Lin-Manuel Miranda always knew what he would direct if he was ever given the chance. He dreamt of how he’d adapt Tick, Tick... Boom!, a series of autobiographical monologues written and performed by the late Jonathan Larson. He would go on to create Rent, but tragically died on its opening night.
Miranda had both seen and performed Tick, Tick... Boom!, and it was an intensely personal production for him. On the carpet at the movie’s premiere in LA, he told reporters that the play “felt like a message in a bottle just for me,” a sentiment that’s not uncommon with much of Larson’s work.
The A.V. Club sat down with Miranda to talk Tick, Tick... Boom! You can check out that interview in the video above, or read the transcript below.
The A.V. Club: I was in high school in the mid-’90s, and I was one of those people that drove around in their friend’s car listening to Rent over and over and over.
I was reading some of what you said at AFI Fest, and you mentioned that first seeing Tick, Tick... Boom! felt like “a message in a bottle, just for you.” I think a lot of people feel that way about Jonathan Larson’s work, and I’m wondering: Why do you think people connect with Larson and his work so deeply?
Lin-Manuel Miranda: I can tell you what I connected with about Rent when I saw it at 17: It felt messy and homemade and personal in a way that musicals don’t always feel. A lot of the Broadway musicals I’d seen, I loved. I was a fan of musical theater from doing shows in high school, but they just feel like they came from some other place. It didn’t feel like you could write one at home.
But Rent was very clearly someone writing about his friends and his community. It was the most diverse cast I’d ever seen in a Broadway show, and that opened things up in me that I didn’t know were possible.
At the end of the day, it’s all about artists living and dying and trying to figure out how to do what they love. I was definitely a high school kid who walked around with a camcorder, and it was easier for me to film my friends than hang out with my friends. So when Roger calls out Mark saying, “You pretend to create and observe, but you really detach,” I felt personally attacked in the back of the Peter Landau theater.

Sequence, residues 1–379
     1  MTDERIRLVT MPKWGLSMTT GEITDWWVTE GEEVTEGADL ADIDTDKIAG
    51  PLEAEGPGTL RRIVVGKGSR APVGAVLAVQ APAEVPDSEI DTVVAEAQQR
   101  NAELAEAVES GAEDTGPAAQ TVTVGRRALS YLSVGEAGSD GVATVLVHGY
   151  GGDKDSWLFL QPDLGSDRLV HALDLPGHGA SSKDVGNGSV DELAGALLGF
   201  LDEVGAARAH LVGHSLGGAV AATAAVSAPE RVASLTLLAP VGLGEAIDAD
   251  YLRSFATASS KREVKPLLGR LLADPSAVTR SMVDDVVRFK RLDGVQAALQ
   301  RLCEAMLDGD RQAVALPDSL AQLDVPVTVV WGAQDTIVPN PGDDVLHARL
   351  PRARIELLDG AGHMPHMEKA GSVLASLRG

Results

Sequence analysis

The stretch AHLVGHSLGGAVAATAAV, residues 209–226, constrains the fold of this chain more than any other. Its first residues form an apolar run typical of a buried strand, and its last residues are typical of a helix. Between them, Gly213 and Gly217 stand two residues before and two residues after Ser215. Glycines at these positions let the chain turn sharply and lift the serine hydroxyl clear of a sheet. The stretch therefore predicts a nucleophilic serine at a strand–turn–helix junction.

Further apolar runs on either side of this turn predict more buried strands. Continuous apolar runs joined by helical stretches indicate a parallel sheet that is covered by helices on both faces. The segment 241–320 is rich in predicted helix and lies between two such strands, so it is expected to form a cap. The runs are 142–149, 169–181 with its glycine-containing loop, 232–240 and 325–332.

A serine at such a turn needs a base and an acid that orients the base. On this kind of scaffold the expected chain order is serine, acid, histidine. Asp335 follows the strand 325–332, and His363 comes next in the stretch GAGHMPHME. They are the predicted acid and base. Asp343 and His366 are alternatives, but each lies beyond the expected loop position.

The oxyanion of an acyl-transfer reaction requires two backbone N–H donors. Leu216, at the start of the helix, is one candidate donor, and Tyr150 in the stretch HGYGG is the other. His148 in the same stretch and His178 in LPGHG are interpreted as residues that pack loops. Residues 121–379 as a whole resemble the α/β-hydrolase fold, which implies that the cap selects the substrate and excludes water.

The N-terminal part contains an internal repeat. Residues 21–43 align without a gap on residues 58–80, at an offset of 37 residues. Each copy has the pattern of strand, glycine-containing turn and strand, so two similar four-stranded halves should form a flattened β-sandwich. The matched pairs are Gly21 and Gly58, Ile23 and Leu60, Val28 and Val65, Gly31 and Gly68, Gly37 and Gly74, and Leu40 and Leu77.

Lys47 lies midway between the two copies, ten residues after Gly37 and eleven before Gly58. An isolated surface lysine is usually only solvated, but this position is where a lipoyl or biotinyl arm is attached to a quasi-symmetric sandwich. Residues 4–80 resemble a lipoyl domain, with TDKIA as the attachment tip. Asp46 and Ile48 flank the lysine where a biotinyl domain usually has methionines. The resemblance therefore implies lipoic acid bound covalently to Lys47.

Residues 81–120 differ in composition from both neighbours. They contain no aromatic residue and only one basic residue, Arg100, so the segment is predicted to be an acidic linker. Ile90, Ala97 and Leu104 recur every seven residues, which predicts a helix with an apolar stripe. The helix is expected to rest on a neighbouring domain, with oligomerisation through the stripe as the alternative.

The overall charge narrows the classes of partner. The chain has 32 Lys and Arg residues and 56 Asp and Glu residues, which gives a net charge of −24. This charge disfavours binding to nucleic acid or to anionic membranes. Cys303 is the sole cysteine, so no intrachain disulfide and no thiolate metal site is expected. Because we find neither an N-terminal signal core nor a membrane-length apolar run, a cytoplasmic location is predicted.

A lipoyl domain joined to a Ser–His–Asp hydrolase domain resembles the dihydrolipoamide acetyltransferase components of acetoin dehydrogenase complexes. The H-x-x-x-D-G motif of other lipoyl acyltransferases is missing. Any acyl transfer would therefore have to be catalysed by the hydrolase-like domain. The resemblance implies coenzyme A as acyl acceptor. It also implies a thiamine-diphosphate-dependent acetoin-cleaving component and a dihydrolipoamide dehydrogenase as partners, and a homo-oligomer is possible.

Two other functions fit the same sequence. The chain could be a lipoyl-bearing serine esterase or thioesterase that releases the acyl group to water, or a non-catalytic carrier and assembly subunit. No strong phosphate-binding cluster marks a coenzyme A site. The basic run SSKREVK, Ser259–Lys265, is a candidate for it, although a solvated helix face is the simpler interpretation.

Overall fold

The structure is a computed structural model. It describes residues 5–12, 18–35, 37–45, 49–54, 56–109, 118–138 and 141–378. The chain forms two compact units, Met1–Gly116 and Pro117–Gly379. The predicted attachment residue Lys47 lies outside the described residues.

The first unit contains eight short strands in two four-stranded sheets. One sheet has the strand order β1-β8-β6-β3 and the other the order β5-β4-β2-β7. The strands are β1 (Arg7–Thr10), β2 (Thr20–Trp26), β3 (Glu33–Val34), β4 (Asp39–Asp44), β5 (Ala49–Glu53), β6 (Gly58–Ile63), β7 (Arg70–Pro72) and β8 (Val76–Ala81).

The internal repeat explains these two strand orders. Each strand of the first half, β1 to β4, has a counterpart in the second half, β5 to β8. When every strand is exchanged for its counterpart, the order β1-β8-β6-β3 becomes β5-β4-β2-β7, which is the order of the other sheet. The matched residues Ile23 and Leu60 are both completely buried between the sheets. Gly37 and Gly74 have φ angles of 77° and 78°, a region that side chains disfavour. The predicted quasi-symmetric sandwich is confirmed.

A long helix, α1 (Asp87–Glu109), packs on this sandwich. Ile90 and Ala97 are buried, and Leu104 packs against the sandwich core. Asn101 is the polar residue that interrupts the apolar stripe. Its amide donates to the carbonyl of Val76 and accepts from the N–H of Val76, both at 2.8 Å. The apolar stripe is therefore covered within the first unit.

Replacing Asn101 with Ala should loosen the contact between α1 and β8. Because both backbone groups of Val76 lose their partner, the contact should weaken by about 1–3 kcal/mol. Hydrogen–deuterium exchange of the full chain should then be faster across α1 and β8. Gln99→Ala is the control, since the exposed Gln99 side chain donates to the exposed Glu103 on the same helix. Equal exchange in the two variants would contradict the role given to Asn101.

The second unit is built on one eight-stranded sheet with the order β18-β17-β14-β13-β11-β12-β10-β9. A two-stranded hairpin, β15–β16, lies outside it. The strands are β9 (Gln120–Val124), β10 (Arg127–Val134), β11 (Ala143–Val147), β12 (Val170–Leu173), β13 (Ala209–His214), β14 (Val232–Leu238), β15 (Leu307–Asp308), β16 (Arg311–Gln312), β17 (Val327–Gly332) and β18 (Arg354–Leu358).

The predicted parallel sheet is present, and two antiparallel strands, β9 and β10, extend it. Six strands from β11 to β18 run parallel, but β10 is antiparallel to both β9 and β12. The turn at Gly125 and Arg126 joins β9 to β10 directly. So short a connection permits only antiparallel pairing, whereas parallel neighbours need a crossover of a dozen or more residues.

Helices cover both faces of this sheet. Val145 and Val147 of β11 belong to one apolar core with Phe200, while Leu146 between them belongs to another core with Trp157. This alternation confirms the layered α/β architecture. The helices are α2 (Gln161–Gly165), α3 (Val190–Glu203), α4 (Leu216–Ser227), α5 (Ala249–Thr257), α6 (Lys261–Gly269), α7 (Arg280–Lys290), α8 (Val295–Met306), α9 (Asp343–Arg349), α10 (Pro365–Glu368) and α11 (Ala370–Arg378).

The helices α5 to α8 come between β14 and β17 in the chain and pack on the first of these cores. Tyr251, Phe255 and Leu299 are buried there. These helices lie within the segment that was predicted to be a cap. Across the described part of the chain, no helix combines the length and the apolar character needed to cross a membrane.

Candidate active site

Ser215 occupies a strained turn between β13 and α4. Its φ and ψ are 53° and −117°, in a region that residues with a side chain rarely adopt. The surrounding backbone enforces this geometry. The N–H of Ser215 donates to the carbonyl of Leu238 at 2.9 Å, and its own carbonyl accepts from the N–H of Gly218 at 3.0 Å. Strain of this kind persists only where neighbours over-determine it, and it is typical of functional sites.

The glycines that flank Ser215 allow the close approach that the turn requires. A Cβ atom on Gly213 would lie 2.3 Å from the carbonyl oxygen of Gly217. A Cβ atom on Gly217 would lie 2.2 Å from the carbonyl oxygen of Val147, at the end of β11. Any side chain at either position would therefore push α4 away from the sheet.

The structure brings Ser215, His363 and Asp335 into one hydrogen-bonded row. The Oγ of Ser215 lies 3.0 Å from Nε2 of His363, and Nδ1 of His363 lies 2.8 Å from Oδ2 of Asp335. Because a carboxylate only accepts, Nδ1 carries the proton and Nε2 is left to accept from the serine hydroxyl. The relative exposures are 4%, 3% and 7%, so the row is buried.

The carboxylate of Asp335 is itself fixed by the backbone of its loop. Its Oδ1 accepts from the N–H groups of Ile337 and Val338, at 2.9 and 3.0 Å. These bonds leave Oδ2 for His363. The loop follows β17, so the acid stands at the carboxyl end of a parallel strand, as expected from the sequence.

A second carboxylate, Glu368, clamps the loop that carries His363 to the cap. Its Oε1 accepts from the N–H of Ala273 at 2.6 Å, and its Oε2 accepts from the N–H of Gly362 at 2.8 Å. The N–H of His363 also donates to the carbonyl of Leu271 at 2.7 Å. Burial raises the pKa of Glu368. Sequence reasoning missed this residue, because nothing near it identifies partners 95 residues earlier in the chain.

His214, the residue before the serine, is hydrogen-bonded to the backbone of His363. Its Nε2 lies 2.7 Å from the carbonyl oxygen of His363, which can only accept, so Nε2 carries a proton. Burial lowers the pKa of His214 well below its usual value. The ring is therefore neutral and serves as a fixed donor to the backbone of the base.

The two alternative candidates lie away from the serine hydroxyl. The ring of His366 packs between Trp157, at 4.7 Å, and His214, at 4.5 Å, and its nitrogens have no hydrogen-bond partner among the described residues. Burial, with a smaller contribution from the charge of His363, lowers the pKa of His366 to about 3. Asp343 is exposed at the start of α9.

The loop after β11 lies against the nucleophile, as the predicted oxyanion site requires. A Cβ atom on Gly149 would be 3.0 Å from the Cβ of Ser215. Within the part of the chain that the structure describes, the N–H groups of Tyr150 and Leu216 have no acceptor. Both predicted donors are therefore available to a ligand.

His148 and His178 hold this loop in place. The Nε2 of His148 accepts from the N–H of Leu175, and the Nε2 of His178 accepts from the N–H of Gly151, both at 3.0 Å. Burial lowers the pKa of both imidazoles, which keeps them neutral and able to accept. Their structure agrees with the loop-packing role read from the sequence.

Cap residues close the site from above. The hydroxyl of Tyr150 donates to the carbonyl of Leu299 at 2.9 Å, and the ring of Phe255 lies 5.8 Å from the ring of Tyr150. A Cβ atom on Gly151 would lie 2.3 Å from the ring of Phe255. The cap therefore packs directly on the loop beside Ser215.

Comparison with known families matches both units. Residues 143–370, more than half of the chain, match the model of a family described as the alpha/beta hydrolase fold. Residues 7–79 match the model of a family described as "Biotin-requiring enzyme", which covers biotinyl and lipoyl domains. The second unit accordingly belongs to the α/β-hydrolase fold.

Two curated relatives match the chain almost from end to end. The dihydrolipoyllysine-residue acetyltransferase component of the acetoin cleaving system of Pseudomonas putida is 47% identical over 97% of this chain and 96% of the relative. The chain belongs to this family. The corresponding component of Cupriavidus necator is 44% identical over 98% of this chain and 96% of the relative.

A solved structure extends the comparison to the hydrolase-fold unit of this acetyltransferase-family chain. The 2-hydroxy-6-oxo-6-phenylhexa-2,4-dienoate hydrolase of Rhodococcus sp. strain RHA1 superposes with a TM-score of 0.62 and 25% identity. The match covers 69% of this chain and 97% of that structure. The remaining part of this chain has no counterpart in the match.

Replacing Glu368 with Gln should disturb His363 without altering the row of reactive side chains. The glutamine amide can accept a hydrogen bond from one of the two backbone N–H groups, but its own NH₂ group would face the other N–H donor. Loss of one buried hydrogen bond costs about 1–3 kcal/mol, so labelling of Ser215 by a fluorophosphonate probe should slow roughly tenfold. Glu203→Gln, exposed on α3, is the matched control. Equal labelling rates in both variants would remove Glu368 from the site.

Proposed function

Then, when I saw Tick, Tick... Boom! my senior year of college, it felt like all of those preoccupations in a more concentrated and personal form. It was like, “Hey, here’s what your twenties are going to look like, dude, if you’re really trying to do this.”
And so that message in a bottle thing feels really real. But I think people respond to it because it feels homemade, and feels like it’s for them. You feel artists in it that are flawed and still trying to do their best and get sidetracked by the wrong things and come back to what they love. That’s true of both Rent and Tick, Tick... Boom!
AVC: Part of the plot of Tick, Tick... Boom! is Jonathan struggling with turning 30 and fretting that he hasn’t made it, even though Sondheim launched his first Broadway show at 27 or something like that. You were 28 when In The Heights won a Tony. Would Jonathan Larson be mad at you?
But, you know, when you choose Jonathan Larson as your hero, you’re so superstitious, because Jonathan never lived to see the mark his work made on the world, and that’s so tragic.
One of the things that was really our thesis statement about Tick, Tick... Boom! was that it’s not about Jonathan’s death; it’s about his life. This is about what a life force he was to his friends and the people who loved him.
I think about that a lot. I think about the fact that I actually have been lucky enough to survive, to live, to see how my work connected with the world. I feel really grateful for that. I feel a little Aaron Burr, like I don’t know why I got to live and Jonathan isn’t 61 years old and sitting next to me and maybe yelling at me.
AVC: You did a limited run of Tick, Tick, Boom! eight months before Hamilton came out, which, first of all, how do you get it all done? Secondly, how did working on that show mark that point in your life?
LMM: I did this show about Jonathan Larson at when I was at a crossroads. I was incredibly pregnant with Hamilton at the time. We would start rehearsals four months later.
My wife was incredibly pregnant with our first child, and I’m there doing Tick, Tick... Boom!, the show that clarified my resolve to do this, with Karen Olivo, who was my costar on my first show In the Heights, and Leslie Odom Jr., who would be my future costar in the next show. So it is this weird vortex when I’m actually in the in-between period in all of the phases of my life.
But my biggest takeaway from that production was actually how amazing it was to meet all the real life inspirations in Jonathan’s life who are still alive. His best friend, Matt O’Grady, on whom Michael was based, is still around. His girlfriend was there, his family was there. And there’s something about when Tick, Tick... Boom! is performed. It’s like Jonathan is still around because it was so semi-autobiographical and it was him writing about his friends and where he was at.
And so, it was exciting to draw on that community as a resource so that we could get the most well-rounded version of Jonathan on screen, and not a plaster saint. But the times when he’s frustrating and the times when he’s impatient and self-absorbed and all of it... just as much of it on the screen as we could muster.
AVC: Well, congratulations.
LMM: Thank you! I was late to the interview because I was reading The A.V. Club review! [laughs, then mimes reading his phone] I was like, “A B+ from The A.V. Club is an A anywhere else!”
Tick, Tick... Boom! is in select theaters now. It will hit Netflix on November 19. You can read that B+ review of the movie right here.